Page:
Moore v. Social Security Administration Commissioner

Filing 15

MEMORANDUM OPINION. Signed by Honorable Barry A. Bryant on February 14, 2017. (hnc)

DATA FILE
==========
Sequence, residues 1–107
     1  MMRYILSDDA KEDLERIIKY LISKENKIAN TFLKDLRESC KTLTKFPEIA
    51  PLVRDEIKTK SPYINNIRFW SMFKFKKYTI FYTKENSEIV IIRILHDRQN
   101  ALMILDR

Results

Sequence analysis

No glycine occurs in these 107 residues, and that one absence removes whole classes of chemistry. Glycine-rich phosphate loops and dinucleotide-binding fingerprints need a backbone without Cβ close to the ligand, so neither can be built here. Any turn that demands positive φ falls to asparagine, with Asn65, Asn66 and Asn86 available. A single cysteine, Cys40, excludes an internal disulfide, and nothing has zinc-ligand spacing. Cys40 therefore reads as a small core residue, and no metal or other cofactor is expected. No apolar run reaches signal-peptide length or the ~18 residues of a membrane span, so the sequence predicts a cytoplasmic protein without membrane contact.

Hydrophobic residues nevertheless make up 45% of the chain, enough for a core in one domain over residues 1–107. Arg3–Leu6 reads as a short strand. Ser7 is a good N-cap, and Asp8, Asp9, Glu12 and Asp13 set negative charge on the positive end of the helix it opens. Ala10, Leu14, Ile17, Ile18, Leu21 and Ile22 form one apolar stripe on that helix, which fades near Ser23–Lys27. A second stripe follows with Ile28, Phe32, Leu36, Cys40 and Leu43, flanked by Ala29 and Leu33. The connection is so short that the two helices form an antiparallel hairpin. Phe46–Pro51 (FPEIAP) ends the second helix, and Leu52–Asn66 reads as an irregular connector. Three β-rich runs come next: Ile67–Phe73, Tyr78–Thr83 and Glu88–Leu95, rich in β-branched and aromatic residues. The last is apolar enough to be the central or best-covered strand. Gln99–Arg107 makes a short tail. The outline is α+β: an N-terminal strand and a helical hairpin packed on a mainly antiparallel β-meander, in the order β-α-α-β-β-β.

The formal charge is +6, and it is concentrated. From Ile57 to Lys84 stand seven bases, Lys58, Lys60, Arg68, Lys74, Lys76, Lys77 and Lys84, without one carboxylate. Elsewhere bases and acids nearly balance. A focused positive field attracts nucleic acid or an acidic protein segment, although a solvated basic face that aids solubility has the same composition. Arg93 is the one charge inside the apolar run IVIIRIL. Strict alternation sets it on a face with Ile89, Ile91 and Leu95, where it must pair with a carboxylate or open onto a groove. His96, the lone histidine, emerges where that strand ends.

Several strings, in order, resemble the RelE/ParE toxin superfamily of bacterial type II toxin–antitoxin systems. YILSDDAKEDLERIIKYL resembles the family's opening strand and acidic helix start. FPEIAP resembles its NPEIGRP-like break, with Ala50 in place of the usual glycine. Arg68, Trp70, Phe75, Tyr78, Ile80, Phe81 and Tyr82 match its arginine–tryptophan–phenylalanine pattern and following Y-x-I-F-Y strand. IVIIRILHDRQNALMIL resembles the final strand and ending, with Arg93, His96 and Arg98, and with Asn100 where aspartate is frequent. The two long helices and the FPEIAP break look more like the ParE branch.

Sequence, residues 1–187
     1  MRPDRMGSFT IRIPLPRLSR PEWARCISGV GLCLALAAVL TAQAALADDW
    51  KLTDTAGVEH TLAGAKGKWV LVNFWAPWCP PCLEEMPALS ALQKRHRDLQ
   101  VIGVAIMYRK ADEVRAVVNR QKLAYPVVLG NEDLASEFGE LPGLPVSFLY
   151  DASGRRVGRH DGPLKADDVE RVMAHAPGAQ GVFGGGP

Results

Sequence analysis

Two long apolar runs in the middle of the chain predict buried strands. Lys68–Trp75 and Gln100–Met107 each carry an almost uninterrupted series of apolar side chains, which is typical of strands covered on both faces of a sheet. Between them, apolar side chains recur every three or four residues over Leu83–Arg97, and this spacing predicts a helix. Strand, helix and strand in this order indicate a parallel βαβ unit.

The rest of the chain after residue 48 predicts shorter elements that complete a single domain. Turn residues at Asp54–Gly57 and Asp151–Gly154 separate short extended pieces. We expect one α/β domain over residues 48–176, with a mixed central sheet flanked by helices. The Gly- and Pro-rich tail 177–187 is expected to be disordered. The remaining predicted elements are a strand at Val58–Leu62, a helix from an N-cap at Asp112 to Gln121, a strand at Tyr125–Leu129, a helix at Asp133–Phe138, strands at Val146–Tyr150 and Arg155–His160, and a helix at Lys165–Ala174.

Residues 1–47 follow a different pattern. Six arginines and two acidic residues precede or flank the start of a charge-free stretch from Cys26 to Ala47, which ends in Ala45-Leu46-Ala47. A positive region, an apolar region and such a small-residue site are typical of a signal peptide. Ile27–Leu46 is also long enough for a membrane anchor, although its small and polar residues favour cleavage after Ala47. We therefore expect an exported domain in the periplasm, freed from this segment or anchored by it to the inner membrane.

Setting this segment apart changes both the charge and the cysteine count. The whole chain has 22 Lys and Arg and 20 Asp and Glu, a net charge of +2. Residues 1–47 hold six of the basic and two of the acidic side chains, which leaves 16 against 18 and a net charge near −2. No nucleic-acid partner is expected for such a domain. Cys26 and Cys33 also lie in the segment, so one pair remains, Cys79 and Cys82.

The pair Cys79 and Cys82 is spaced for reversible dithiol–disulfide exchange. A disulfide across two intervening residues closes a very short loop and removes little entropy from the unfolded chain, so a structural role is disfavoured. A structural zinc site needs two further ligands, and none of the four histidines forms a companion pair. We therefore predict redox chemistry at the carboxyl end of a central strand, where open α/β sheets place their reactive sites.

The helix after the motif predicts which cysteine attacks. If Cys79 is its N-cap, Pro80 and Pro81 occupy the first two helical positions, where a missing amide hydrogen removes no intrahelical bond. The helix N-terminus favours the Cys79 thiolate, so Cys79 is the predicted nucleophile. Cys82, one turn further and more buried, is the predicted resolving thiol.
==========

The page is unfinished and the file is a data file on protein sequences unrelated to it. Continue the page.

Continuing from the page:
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IN THE UNITED STATES DISTRICT COURT WESTERN DISTRICT OF ARKANSAS FORT SMITH DIVISION MISTY MOORE On behalf of J.L.M.,A MINOR vs. PLAINTIFF Civil No. 2:16-cv-02010 NANCY A. BERRYHILL Acting Commissioner, Social Security Administration DEFENDANT MEMORANDUM OPINION Misty Moore (“Plaintiff”) brings this action on behalf of J.L.M., a minor, pursuant to § 205(g) of Title II of the Social Security Act (“The Act”), 42 U.S.C. § 405(g) (2010), seeking judicial review of a final decision of the Commissioner of the Social Security Administration (“SSA”) denying J.L.M.’s application for Supplemental Security Income (“SSI”) under Title XVI of the Act. The Parties have consented to the jurisdiction of a magistrate judge to conduct any and all proceedings in this case, including conducting the trial, ordering the entry of a final judgment, and conducting all post-judgment proceedings. ECF No. 6.1 Pursuant to this authority, the Court issues this memorandum opinion and orders the entry of a final judgment in this matter. 1. Background: Plaintiff protectively filed an SSI application on behalf of J.L.M. on April 3, 2013. (Tr. 9). With this application, Plaintiff alleges J.L.M. is disabled due to Attention Deficit Hyperactivity Disorder (“ADHD”) and anxiety. (Tr. 166). Plaintiff alleges J.L.M.’s onset date was June 1, 2007. (Tr. 9). This application was denied initially and again upon reconsideration. (Tr. 91-100). 1 The docket numbers for this case are referenced by the designation “ECF No. ____” The transcript pages for this case are referenced by the designation “Tr.” 1 Thereafter, Plaintiff requested an administrative hearing on J.L.M.’s application, and this hearing request was granted. (Tr. 28-62). An administrative hearing was held on April 11, 2014 in Fort Smith, Arkansas. Id. Plaintiff was present and was represented by Fred L. Caddell at this hearing. Id. Plaintiff and J.L.M. testified at this hearing. Id. On August 15, 2014, the ALJ entered an unfavorable decision denying Plaintiff’s application for SSI on behalf of J.L.M. (Tr. 6-22). In this decision, the ALJ determined J.L.M. was born on January 10, 2000 and was an adolescent on the date his application was filed and was still an adolescent at the time of his decision. (Tr. 12, Findings 1-2). The ALJ determined J.L.M. had not engaged in Substantial Gainful Activity (“SGA”) since his application date. (Tr. 12, Finding 3). The ALJ determined J.L.M. had the following severe impairments: ADHD, anxiety disorder, and speech language disorder. (Tr. 12, Finding 4). The ALJ also determined, however, that none of J.L.M.’s impairments met, medically equaled, or were functionally equivalent to the Listing of Impairments in Appendix 1, Subpart P, Regulations No. 4 (“Listings”). (Tr. 12-13, Finding 5). In assessing whether J.L.M.’s impairments were functionally equivalent to the Listings, the ALJ assessed six domains of functioning. (Tr. 13-21, Finding 6). Specifically, the ALJ determined J.L.M. had the following limitations in the six domains of functioning: (1) no limitation in acquiring and using information; (2) less than marked limitation in attending and completing tasks; (3) less than marked limitation in interacting and relating with others; (4) no limitation in moving about and manipulating objects; (5) no limitation in the ability to care for himself; and (6) no limitation in health and physical well-being. Id. Based upon these findings, the ALJ determined J.L.M. had not been under a disability, as defined by the Act, at any time from the date Plaintiff’s application was filed through the date of the ALJ’s decision. (Tr. 21, Finding 7). 2 Thereafter, on September 30, 2014, Plaintiff requested the Appeals Council’s review of the ALJ’s unfavorable decision. (Tr. 4-5). On December 7, 2015, the Appeals Council declined to review this unfavorable decision. (Tr. 1-3). On January 25, 2016, Plaintiff filed the present appeal. ECF No. 1. The Parties consented to the jurisdiction of this Court on January 26, 2016. ECF No. 6. Both Parties have filed appeal briefs. ECF Nos. 12-13. This case is now ready for decision. 2. Applicable Law: In reviewing this case, this Court is required to determine whether the Commissioner’s findings are supported by substantial evidence in the record as a whole. See 42 U.S.C. § 405(g) (2006); Ramirez v. Barnhart, 292 F.3d 576, 583 (8th Cir. 2002). Substantial evidence is less than a preponderance of the evidence, but it is enough that a reasonable mind would find it adequate to support the Commissioner’s decision. See Johnson v. Apfel, 240 F.3d 1145, 1147 (8th Cir. 2001). As long as there is substantial evidence in the record that supports the Commissioner’s decision, the Court may not reverse it simply because substantial evidence exists in the record that would have supported a contrary outcome or because the Court would have decided the case differently. See Haley v. Massanari, 258 F.3d 742, 747 (8th Cir. 2001). If, after reviewing the record, it is possible to draw two inconsistent positions from the evidence and one of those positions represents the findings of the ALJ, the decision of the ALJ must be affirmed. See Young v. Apfel, 221 F.3d 1065, 1068 (8th Cir. 2000). In this case, Plaintiff is seeking disability benefits on behalf of a minor child. On August 22, 1996, Congress enacted the Personal Responsibility and Work Opportunity Reconciliation Act of 1996, Public Law No. 104-193, 110 Stat. 2105 (1996) (codified at 42 U.S.C. § 1382c(a)(3)(C)), which provided a more stringent standard for determining eligibility for Title XVI childhood 3 disability benefits than the old law and prior regulations required. See Rucker v. Apfel, 141 F.3d 1256, 1259 (8th Cir. 1998); 142 Cong. Rec. H8913; H.R. Conf. Rep. No. 725, 104th Cong. 2d Sess. 328 (1996), reprinted in 1996 U.S. Code, Cong. and Ad. News 2649, 2716; Federal Register, Vol. 62, No. 28, p. 6409. Among other things, the new law amended Section 1614(a)(3) of the Act, 42 U.S.C. § 1382c(a)(3), and changed the statutory definition of disability for individuals under age eighteen (18) under the SSI program. Under the new standard, a child is entitled to disability benefits only if he or she has a medically determinable physical or mental impairment, which results in marked and severe functional limitations, and which can be expected to result in death or which has lasted or can be expected to last for a continuous period of not less than 12 months. See Pub. L. No. 104-193 § 211(a)(4)(c); 20 C.F.R. § 416.906. The new standard applies to all applicants who filed claims on or after August 22, 1996, or whose claims had not been finally adjudicated by August 22, 1996. Since Plaintiff filed her application in 2013, the new law applies. Under the new law, the ALJ’s disability determination is based upon a three-step analysis. See 20 C.F.R. § 416.924. First, the ALJ must determine whether the minor child has engaged in substantial gainful activity. If not, the ALJ will proceed to the second step where the ALJ must consider whether the child has a severe impairment. If a severe impairment is found, the ALJ will proceed to the third step. At this step, the ALJ, must consider whether the impairment meets, or is medically or functionally equivalent, to a disability listing in the Listing of Impairments (“Listings”), See 20 C.F.R. pt. 404, subpt. P, app. 1. A minor child may be disabled if his or her impairment is functionally equivalent to a disability listing, even if the minor child’s impairment does not meet the standard requirements for a disability listing. See 20 C.F.R. § 416.924(d)(1). 4 A single method is provided for evaluating whether an impairment is “functionally equivalent” to a disability listing, based upon six domains of functioning. The six domains are the following: (1) acquiring and using information, (2) attending and completing tasks, (3) interacting and relating with others, (4) moving about and manipulating objects, (5) caring for himself or herself, and (6) health and physical well-being. See 20 C.F.R. § 416.926a(b)(1). If the minor child claiming benefits has “marked” limitations in two of these domains or an “extreme” limitation in one of these domains, then the child’s impairment is functionally equivalent to a disability listing. See id. § 416.926a(a); Moore ex rel. Moore v. Barnhart, 413 F.3d 718, 721 (8th Cir. 2005). A “marked” limitation is a limitation that is “more than moderate” and “less than extreme.” See id. § 416.926a(e); Lehnartz v. Barnhart, No. 04-3818, 2005 WL 1767944, at *3 (8th Cir. July 27, 2005) (unpublished). A marked limitation is one that seriously interferes with a child’s ability to independently initiate, sustain, or complete activities. See 20 C.F.R. § 416.926a(e). An “extreme” limitation is more than “marked” and exists when a child’s impairment(s) interferes very seriously with his or her ability to independently initiate, sustain or complete activities. See id. “Extreme” limitation is the rating the Commissioner gives to the most serious limitations. See id. 3. Discussion: In her appeal brief, Plaintiff raises two arguments for reversal: (A) the ALJ erred by finding J.L.M.’s disruptive behavior disorder was not a severe impairment; and (B) the ALJ erred in finding J.L.M. had a less than marked limitation in attending and completing tasks and in interacting and relating with others. ECF No. 12 at 1-15. In response, Defendant argues the ALJ properly determined J.L.M.’s impairments did not meet, medically equal, or functionally equal the requirements of any of the Listings. ECF No. 13. As such, Defendant argues there is no basis for 5 reversal in this case. The Court will evaluate both of these arguments. A. Severe Impairment Plaintiff claims the ALJ erred in finding J.L.M.’s disruptive behavior disorder was not a severe impairment. ECF No. 12 at 2. Plaintiff cites J.L.M.’s medical records to demonstrate he suffered from this severe impairment. Id. Upon review, Plaintiff did not allege in either her application or at the administrative hearing in this matter that J.L.M. was disabled due to disruptive behavior disorder. (Tr. 35, 166). Thus, the ALJ was under no obligation to find this was a severe impairment or investigate this matter further. See Pena v. Chater, 76 F.3d 906, 909 (8th Cir. 1996) (quoting Brockman v. Sullivan, 987 F.2d 1344, 1348 (8th Cir. 1993) and holding that “the administrative law judge is under no ‘obligation to investigate a claim not presented at the time of the application for benefits and not offered at the hearing as a basis for disability’”). Thus, the Court finds no basis for reversal on this issue. B. Interacting and Relating with Others Plaintiff claims J.L.M. suffers from a marked limitation in attending and completing tasks and in interacting and relating with others. ECF No. 12 at 7-15. Because Plaintiff must demonstrate J.L.M. has a marked limitation in both these domains of functioning in order to be found disabled and because Plaintiff cannot demonstrate J.L.M. has a marked limitation in both of these domains, the Court will only address one of these domains. Importantly, Plaintiff claims J.L.M. has a marked limitation in the domain of interacting and relating with others. ECF No. 12 at 7-15. In his opinion, the ALJ found J.L.M. had less than a marked limitation in this domain of functioning based upon the following: The evidence shows that . . . [J.L.M.] . . . generally gets along with his friends, but fights with his siblings and mother at home. He refuses to do chores, but likes 6 school, sports, and band. The school counselor reported no problems at school, but Ms. Moore testified that the child had gotten detention at school (Exhibit B5E). He no longer has difficulty speaking and being understood, but is on probation for a criminal act. . . . Id. In support of her claim that J.L.M. has a marked limitation in this domain, Plaintiff references his counseling records wherein he was assigned a Global Assessment of Functioning (“GAF”) score of 50, which indicates “serious symptoms.” ECF No. 12 at 7-15. However, also in that same report, it was noted that while J.L.M. gets “in fights with brothers,” he also has “[f]riends at school” and “[p]lays football, track, and basketball.” (Tr. 472). Plaintiff also testified at the administrative hearing that J.L.M. makes “As and Bs and Cs” and plays football and does track. (Tr. 37). Thus, the Court cannot find the ALJ erred in finding J.L.M. had a less than marked limitation in this domain of functioning. 4. Conclusion: Based on the foregoing, the undersigned finds that the decision of the ALJ, denying benefits to Plaintiff on behalf of J.L.M. is supported by substantial evidence and should be affirmed. A judgment incorporating these findings will be entered pursuant to Federal Rules of Civil Procedure 52 and 58. ENTERED this 14th day of February 2017. /s/ Barry A. Bryant HON. BARRY A. BRYANT U.S. MAGISTRATE JUDGE 7